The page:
Does your encoder knob(s) or Model Select knob not allow you to "PRESS FOR TYPE" ?
Don't fear, it may be a simple fix you can do yourself:
This problem is often the result of the cap being pressed down too far on the encoder shaft which in turn does not leave enough travel for the switch contacts to "make" a connection when pressed.
All of these control knobs are tapered on the inside with a directional shape for a "D" type shaft. The simple friction of the taper is designed to hold the knob in place. There can be significant variations between the molds for each of these plastic caps (I've yet to determine which mold has a tighter tolerance). In addition, the physical dimensions of the pot/encoder shaft can vary +/- .2%, add temperature variations, leaking mechanical lubricant from the pot itself, sweat, spilled beer etc. you get the picture. Typical use can easily cause these to slip towards the top of the case decreasing the amount of available travel for the switch function properly.
You may even feel a "click" with no result. At this point, there is another mm of travel or so before the contacts will actually close.
Removing the cap and testing the switch will prove if this is the case.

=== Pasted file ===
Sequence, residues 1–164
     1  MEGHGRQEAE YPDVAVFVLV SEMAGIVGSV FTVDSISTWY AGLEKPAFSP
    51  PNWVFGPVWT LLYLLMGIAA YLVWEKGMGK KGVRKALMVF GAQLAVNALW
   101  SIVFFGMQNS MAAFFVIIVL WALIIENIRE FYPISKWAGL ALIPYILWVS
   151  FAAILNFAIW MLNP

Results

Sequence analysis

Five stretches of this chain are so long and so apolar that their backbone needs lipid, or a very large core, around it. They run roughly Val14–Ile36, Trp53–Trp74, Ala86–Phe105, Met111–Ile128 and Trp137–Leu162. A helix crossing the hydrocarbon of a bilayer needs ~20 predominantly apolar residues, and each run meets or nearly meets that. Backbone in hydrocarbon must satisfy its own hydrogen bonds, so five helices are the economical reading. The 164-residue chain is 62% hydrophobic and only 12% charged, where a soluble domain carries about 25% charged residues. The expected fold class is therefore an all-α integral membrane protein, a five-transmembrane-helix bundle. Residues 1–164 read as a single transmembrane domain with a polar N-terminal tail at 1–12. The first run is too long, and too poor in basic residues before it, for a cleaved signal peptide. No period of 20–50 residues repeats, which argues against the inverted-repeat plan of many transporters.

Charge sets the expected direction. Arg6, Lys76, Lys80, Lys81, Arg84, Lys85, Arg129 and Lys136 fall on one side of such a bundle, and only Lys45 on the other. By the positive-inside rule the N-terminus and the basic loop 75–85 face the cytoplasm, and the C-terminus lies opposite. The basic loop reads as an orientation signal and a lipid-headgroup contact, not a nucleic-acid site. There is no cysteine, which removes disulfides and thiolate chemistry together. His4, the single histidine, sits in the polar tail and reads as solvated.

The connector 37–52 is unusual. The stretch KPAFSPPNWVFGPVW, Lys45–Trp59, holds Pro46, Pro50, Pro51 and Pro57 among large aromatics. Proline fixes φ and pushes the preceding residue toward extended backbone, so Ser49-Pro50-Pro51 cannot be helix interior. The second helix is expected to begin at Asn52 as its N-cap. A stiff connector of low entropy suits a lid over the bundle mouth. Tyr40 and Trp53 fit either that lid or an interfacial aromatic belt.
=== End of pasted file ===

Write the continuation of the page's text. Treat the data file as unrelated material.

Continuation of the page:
Two simple fixes:
1 - Remove all of the caps and reinstall each one starting with the encoder only. Find one with a firm fit that stops allowing enough room for the switch to work set it aside and continue until you've gone through them all. Choose for the encoder one with the most travel and press-friction (to keep it secure) and return the rest to the remaining controls.
2- If the above doesn't work, you can fix it by Inserting just enough tape into the top of the cap to increase the travel. The adhesive from the tape will keep the cap in place. This is important because the friction lock of the cap is reduced beyond the caps critical taper that would otherwise hold it secure. I suggest a small piece of double sided foam or gaff tape folded over, sticky side out, just enough to allow the switch to operate. Whatever you do DON'T USE GLUE! Logically, it makes sense to keep it in place. However, trust me, it will only complicate your life in the future. Using glue may render the switch useless if just enough were to leak into the switch cylinder.
If you find that the cap is not the issue, then I hate to be the one to tell you... you now have an expensive brick.
Just kidding. The encoder can be replaced with a part that's better than new. I use a replacement encoder that is slightly taller than the stock piece to keep the slipping cap issue from ever happening again.